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The Gap between "Generation Y" and Lifelong Learners in Programming Courses – How to Bridge Between Different Learning Styles?
Stockholm University, Faculty of Social Sciences, Department of Computer and Systems Sciences.
2012 (English)In: Open Learning Generations: Closing the Gap from "Generation Y" to the Mature Lifelong Learners. Book of Abstracts / [ed] Morten Flate Paulsen & András Szucs, European Distance and E-learning Network , 2012, 10- p.Conference paper (Refereed)
Abstract [en]

Programming courses’ outline and their pedagogy are as many other phenomena of evolutionary nature and even if computer science is a relatively young discipline several shifts has already been seen. When Generation X took programming courses at university level the older and more pragmatic programming languages were replaced in the 1990s by the more well-structured Java language and object-orientation became an integrated part of most Computer science curricula. But during the relatively short history of Computer science and system development education the pass rate has often been low in programming courses. Still in the 21th century novice students have had severe problems in the understanding of even basic programming techniques. This has not only been related to more theoretical concepts and there have been problems with the practical parts of programming as well. In the current situation at Swedish universities where the course batches often is a mix of Generation Y and Lifelong learners the approach to pedagogy and course content design is not an easy choice. The aim of this study is to describe and discuss the shift of heterogeneity in the student batches in university programming courses during the last decade. Which are the main challenges of the different generations and their learning styles and how could they be addressed? The study is a combination of a literature study and an analysis of 12 years of work with programming courses at university level. My observations and notes have been compared with students’ answers in about 25 online questionnaires for course evaluation and the assessment during the last decade. Findings show that there is a difference in learning styles and a need for updating the courses in an overloaded manner where students with different learning styles could chose to learn the same basic programming in different ways. Another idea discussed in this article is to omit object-orientation in the first programming course and introduce basic programming in a traditional straightforward imperative style. The tested approach where programming courses are given without object-orientation and with multi-modal content in a virtual learning environment seems to reduce the gap between Generation Y and Lifelong learners, but there are still a lot of challenges like plagiarism and lack of commitment amongst students. Feedforward instead of feedback and an iterative approach in the presentation of course material seem to support both the discussed student groups. If a high intake is the aim distance education will increase the enrolment. If a high pass rate is the measurement of success blended learning and overloading of multi-modal course content online could be the key to success but with an extra initial cost for the development of digital content.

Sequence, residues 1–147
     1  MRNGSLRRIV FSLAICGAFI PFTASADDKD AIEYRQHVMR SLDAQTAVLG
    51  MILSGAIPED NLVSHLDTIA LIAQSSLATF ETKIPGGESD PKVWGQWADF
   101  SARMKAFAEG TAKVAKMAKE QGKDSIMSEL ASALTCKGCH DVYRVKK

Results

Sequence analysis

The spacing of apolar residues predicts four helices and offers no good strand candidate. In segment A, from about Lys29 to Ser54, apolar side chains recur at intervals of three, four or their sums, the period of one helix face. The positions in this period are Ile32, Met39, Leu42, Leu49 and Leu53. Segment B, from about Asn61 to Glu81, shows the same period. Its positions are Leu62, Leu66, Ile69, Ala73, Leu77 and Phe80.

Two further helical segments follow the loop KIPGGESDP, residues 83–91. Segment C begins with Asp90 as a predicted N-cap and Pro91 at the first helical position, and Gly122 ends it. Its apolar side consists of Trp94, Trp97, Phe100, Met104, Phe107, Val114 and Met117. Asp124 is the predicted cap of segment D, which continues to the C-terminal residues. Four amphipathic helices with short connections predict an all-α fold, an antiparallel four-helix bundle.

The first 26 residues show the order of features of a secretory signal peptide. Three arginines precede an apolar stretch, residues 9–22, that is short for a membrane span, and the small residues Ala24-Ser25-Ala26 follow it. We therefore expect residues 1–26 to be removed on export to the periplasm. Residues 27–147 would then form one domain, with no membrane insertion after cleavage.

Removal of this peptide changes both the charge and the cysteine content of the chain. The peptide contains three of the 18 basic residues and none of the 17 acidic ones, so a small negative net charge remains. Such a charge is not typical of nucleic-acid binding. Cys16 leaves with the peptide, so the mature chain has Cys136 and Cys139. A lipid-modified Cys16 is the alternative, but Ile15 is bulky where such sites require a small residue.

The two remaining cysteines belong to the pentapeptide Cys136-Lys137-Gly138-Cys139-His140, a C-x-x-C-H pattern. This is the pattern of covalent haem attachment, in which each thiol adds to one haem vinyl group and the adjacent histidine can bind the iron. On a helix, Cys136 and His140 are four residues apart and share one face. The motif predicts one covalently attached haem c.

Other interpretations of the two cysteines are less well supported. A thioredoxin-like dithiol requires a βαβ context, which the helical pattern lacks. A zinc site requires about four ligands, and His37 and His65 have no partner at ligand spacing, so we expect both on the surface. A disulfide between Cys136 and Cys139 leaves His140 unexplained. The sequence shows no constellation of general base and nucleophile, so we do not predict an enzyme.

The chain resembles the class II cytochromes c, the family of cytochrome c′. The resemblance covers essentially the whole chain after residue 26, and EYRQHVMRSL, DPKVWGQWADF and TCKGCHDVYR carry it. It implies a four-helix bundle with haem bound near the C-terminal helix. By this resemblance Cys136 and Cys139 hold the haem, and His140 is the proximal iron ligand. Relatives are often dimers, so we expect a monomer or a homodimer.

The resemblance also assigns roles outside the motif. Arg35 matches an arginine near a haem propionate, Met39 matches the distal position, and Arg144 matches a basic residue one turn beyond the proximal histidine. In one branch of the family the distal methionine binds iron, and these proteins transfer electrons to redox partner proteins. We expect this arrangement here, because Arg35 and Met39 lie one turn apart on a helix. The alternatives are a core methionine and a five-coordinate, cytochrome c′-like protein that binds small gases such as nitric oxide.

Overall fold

Place, publisher, year, edition, pages
European Distance and E-learning Network , 2012. 10- p.
Keyword [en]
Generation Y, Lifelong learning, Programming courses, Pedagogy, Distance education, E-learning, Technology enhanced learning
National Category
Information Systems
Research subject
Computer and Systems Sciences
URN: urn:nbn:se:su:diva-79529ISBN: 978-963-87914-9-8OAI: diva2:549735
EDEN 2012 Annual Conference, Porto, Portugal, 6-9 June 2012
Available from: 2012-09-05 Created: 2012-09-05 Last updated: 2013-02-01Bibliographically approved

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Mozelius, Peter
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